Things to Do

Theater Review: “The Lady Becomes Him” at Gallaudet University

Faction of Fools, DC’s commedia dell’arte company, presents an entertaining and original new show.

Stephen Hock, John V. Bellomo, Rachel Spicknall Mulford, Lindsey D. Snyder, and Matthew Pauli in The Lady Becomes Him. Photograph by Second Glance Photography.

There’s not a whole lot about Faction of Fools Theatre Company’s
The Lady Becomes Him that’s new: We’ve seen the tangled romantic plotlines, vaguely familiar old world
costumes, and slapstick gender swapping mistaken identities in countless sitcoms,
movies, and Shakespearean comedies. But that’s kind of the idea. A big part of what
makes this production so likeable is its gleeful, knowing embrace of those archetypes.
And though this kind of material has all been done before, a pitch-perfect jovial
energy, impeccable comedic timing, and a fearless and talented cast make the show
far from unoriginal.

Named Outstanding Emerging Theatre Company at the 2012 Helen Hayes Awards, Faction
of Fools has made a name for itself specializing in commedia dell’arte, a particular
brand of classical theater dating back to the Renaissance that’s marked by its use
of masks, physical comedy, and all those aforementioned recognizable themes and characters.
(If we make out proverbial plotlines on modern stages and screens, they can often
be traced to commedia inspiration.)

In this case, the company, now in-residence at Gallaudet University, has created a
devised work directed by
Toby Mulford and based on a rare three-page 17th-century commedia outline that incorporates improv
and fourth-wall-bending audience interaction. Celia (Lindsey D. Snyder), an unhappy housewife, longs to run away with her young lover Orazio (Stephen Hock), but her possessive and powerful husband, Il Dottore (Matthew Pauli), keeps getting in the way. Naturally, the lovers team up with their spirited servant
sidekicks (John V. Bellomo as Pulcinella,
Jesse Terrill as Coviello, and
Rachel Spicknall Mulford as Rosetta)—who are ensnared in their own love triangles and squares and hexagons­—to
outwit the romantic rivals and live happily ever after by whatever means necessary
(there’s a magical, shape-shift-inducing ring involved). Requisite hilarity ensues.

Hilarity, for once, is not an overstatement. The cast strikes an infectious comedic
chemistry in the intimate (and hard to find) space from the start. Several actors
somersault, sass, and smack their way to the top performance-wise. As the ever-hungry
Pulcinella, Bellomo tosses up sarcastic, off-the-cuff commentary like the fresh-made
pizza pies his character pines for with such passion. Snyder is solid throughout,
but really hits her stride a little later in the show as Celia’s body is overtaken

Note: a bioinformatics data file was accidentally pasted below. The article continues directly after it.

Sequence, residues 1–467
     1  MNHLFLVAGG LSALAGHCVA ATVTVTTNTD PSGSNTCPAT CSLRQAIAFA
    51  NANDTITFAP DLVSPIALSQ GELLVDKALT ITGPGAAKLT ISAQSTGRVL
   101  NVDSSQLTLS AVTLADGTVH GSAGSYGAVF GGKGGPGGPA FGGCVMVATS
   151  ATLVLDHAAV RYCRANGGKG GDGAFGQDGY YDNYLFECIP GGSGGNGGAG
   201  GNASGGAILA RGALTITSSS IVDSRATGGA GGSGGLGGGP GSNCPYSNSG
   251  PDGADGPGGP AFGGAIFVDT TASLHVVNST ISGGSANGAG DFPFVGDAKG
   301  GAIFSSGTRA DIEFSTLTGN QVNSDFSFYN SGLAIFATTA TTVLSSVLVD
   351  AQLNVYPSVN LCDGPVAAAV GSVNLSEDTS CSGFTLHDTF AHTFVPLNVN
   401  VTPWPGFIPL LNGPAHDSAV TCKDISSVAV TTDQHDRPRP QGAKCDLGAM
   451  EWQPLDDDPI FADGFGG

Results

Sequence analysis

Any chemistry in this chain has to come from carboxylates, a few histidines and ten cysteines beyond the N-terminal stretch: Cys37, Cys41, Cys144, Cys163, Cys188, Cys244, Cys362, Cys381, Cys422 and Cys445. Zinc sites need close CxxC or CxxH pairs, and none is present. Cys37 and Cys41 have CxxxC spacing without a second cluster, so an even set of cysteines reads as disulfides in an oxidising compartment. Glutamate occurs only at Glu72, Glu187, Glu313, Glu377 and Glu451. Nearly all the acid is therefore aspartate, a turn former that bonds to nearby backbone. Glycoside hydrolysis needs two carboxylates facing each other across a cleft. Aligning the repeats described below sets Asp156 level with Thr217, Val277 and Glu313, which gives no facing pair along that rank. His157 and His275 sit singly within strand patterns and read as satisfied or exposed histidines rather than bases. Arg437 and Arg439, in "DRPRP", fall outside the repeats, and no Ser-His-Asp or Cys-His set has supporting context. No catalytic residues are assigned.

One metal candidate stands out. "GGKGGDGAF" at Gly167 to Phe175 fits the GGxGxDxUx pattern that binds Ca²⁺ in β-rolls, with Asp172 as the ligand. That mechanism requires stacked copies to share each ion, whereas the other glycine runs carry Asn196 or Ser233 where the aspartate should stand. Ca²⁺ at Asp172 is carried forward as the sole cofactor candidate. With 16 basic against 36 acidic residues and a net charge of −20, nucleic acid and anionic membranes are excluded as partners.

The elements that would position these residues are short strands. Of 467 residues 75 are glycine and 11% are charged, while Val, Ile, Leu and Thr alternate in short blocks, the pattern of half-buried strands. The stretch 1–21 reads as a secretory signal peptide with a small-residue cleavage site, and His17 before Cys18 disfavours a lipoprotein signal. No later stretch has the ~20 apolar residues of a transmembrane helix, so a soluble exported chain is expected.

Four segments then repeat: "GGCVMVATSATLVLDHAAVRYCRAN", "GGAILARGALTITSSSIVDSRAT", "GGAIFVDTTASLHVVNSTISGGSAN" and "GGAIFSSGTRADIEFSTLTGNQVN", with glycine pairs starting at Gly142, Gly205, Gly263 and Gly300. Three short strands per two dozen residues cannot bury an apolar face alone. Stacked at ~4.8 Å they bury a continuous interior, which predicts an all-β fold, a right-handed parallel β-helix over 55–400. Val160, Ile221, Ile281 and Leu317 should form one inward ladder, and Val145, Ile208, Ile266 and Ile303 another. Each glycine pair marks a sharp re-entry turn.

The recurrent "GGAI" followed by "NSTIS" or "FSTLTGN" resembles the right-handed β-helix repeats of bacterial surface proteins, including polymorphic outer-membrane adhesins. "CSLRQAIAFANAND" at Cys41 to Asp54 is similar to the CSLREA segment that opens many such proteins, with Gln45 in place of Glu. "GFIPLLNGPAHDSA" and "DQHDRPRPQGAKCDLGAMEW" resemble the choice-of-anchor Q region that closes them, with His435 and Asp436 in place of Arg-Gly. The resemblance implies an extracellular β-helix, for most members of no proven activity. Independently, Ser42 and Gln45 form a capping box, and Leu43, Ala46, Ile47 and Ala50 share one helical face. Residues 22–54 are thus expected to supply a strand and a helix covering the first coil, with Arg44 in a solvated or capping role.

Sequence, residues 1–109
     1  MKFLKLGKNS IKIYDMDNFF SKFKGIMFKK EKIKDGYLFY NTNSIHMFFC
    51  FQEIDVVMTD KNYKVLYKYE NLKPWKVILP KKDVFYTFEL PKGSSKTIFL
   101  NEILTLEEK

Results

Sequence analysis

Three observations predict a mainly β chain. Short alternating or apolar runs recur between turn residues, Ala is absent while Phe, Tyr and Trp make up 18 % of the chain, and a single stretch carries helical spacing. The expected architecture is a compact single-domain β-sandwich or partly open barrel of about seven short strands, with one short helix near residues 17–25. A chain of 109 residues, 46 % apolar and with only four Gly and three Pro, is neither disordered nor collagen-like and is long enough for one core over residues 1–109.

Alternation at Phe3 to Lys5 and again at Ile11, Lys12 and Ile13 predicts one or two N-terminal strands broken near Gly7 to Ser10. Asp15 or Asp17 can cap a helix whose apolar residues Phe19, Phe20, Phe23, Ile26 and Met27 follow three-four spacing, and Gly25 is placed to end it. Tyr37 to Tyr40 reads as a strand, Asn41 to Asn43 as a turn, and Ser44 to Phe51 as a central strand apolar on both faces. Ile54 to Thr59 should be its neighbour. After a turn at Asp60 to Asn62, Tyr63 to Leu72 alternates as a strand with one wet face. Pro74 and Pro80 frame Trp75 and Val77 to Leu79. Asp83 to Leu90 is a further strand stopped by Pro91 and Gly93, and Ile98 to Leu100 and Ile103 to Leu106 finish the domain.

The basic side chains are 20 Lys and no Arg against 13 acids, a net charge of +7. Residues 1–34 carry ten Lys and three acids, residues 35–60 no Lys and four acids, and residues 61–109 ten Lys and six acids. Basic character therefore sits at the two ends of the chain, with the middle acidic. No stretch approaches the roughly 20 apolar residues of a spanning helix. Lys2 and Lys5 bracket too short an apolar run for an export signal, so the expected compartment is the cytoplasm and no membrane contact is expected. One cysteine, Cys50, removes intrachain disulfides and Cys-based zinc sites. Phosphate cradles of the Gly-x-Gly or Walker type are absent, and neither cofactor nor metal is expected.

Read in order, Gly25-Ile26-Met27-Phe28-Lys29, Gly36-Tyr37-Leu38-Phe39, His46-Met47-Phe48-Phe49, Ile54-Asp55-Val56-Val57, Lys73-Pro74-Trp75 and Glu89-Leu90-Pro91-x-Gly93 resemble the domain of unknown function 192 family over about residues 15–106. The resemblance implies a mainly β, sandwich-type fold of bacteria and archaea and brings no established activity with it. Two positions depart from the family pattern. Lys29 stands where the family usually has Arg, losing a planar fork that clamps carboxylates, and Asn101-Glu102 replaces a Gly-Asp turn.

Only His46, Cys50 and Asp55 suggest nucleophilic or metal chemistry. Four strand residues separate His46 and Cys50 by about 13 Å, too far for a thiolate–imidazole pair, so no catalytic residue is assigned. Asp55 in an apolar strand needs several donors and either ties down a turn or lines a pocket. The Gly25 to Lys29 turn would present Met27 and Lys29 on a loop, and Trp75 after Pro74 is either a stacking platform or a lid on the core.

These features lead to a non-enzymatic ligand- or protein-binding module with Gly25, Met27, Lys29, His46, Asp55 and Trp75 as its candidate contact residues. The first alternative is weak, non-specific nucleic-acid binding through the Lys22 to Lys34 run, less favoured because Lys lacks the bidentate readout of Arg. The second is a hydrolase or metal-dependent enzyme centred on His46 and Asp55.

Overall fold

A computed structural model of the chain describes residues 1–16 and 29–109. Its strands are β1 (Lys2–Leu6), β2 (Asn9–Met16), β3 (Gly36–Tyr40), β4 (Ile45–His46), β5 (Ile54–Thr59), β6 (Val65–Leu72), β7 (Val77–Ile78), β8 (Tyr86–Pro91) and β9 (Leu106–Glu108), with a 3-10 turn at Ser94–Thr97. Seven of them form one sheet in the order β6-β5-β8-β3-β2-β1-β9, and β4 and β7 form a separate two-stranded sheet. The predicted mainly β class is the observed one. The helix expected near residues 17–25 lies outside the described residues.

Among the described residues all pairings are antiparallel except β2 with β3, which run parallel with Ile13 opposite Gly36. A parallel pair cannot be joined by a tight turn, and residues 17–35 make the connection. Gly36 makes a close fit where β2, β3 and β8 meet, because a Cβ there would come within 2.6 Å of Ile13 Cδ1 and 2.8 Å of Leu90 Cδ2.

by Pulcinella,
Freaky Friday-style. Taking on Bellomo’s gruffer and more sardonic mannerisms, Snyder is funny
without falling victim to the caricature-of-playing-the-opposite-gender trap. Hock,
too, fully embodies the silliness of a self-centered, lovesick suitor but never comes
off as overdone—overdone, granted, is what they’re going for all around here, but
it’s just the right amount.

Relishing the physicality of the parts they play, Spicknall Mulford, Terrill, and
especially Pauli, are having fun on stage and it shows. Pauli, decked out in a bushy
mustachioed mask that recalls the Seussian Lorax—the show’s more clownish characters
all sport concealing facewear by mask designer
Aaron Cromie—is likely the cast’s most commanding presence. This is because of highlights like
absurdly descriptive threats (warning fellow characters he’d hollow out their appendages
and build them into a pipe organ, for instance) delivered with zeal, and a cantankerous
clumsiness that puts Pauli’s impressive professional background as a Ringling-trained
clown center stage.

An additional subplot involving an admirer of Orazio’s, Isabella (Amelia Hensley), and her own determined devotee, Luzio (James McGowan), isn’t quite as engaging as the rest of the action but the talented and funny pair
of actors, a Gallaudet student and graduate, respectively, introduce added nuance
to the layered show through their use of sign language—an appropriately expressive
addition to an already highly physical experience. The performance’s snarky closed
caption board, too, gives the clever material an extra outlet.

Like the surprisingly well-executed group musical number near the play’s conclusion,

The Lady is able to achieve its unique charm by fusing together its disparate moving parts
with the relatable glue of the crazy things we do for love. Instead of rebelling against
predictability, this production runs—and skips, and dances, and faceplants—with it.
What’s unpredictable is how well that strategy works out.

The Lady Becomes Him
is at Gallaudet University’s Eastman Studio Theatre—Elstad Annex through May 12. Running
time: approximately 90 minutes with no intermission. Tickets, $25, are available at
Faction of Fools’ website.